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Patterns of market intervention in agrarian Africa

Authors
Journal
Food Policy
0306-9192
Publisher
Elsevier
Publication Date
Volume
8
Issue
4
Identifiers
DOI: 10.1016/0306-9192(83)90050-7
Keywords
  • Market Intervention
  • Agricultural Prices
  • Africa
Disciplines
  • Agricultural Science
  • Communication
  • Economics
  • Political Science

Abstract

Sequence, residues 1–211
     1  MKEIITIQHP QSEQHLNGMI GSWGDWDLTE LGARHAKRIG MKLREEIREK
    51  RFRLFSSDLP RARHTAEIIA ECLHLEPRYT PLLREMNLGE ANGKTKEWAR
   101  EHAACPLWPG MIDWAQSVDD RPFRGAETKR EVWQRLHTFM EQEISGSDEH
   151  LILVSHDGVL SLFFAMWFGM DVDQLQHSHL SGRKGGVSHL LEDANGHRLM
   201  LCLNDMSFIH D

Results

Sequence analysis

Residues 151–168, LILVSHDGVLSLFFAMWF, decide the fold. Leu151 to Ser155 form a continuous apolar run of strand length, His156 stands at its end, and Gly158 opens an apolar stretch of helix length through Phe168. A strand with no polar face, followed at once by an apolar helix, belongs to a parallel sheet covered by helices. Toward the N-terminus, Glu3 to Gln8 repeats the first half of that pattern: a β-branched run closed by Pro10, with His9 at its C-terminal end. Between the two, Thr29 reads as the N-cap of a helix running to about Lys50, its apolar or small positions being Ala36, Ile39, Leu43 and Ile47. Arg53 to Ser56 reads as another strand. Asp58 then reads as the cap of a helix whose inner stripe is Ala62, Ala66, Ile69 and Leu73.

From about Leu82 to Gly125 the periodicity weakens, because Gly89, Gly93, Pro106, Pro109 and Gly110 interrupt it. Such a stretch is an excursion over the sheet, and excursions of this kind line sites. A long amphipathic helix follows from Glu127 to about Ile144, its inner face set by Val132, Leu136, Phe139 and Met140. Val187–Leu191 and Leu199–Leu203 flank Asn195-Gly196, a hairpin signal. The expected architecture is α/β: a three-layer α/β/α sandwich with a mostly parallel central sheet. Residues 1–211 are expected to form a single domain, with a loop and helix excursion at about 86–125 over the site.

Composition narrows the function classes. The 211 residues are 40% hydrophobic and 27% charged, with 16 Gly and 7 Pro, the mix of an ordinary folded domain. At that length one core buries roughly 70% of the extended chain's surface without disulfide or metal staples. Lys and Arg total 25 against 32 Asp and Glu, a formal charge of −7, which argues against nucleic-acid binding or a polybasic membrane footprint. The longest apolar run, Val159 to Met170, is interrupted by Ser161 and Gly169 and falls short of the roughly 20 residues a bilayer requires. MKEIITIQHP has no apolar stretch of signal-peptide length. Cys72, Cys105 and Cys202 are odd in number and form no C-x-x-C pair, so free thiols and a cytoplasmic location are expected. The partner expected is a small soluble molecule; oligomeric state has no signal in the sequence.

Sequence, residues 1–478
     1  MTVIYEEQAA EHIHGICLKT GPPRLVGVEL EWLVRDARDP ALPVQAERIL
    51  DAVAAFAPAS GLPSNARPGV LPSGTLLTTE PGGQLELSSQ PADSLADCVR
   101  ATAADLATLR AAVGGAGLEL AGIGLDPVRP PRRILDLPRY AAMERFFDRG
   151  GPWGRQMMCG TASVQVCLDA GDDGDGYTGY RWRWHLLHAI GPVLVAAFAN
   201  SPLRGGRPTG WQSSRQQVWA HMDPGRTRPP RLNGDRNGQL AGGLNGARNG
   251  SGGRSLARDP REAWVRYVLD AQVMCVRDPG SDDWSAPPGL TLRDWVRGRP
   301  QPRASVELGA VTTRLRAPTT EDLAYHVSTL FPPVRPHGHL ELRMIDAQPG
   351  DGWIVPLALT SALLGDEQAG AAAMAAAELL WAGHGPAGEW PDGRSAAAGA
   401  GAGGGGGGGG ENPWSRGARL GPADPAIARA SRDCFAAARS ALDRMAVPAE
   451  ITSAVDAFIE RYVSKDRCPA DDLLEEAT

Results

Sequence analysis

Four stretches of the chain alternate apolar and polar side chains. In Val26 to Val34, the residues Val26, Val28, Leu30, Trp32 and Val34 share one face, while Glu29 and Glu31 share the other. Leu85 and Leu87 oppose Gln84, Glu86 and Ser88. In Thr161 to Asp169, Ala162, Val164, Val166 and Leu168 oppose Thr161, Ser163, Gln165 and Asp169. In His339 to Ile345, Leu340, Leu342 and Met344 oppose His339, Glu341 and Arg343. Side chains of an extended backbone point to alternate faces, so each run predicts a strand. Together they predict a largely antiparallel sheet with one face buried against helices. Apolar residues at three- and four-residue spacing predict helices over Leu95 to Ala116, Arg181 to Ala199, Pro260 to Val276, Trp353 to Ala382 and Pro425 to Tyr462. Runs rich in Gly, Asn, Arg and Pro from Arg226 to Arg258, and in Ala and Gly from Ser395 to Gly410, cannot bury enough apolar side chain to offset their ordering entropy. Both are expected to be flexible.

Abstract The article summarizes recent interpretations of government behaviour toward agriculture in Africa and assesses their credibility. With respect to the marketing of food crops, governments are seen as intervening on behalf of organized urban interests; for cash crops, they are viewed as manipulating prices in order to tax, both to collect public revenues and to redistribute purchasing power to consumers of imports. Such interpretations seek to account for the generally Draconian nature of agricultural prices.

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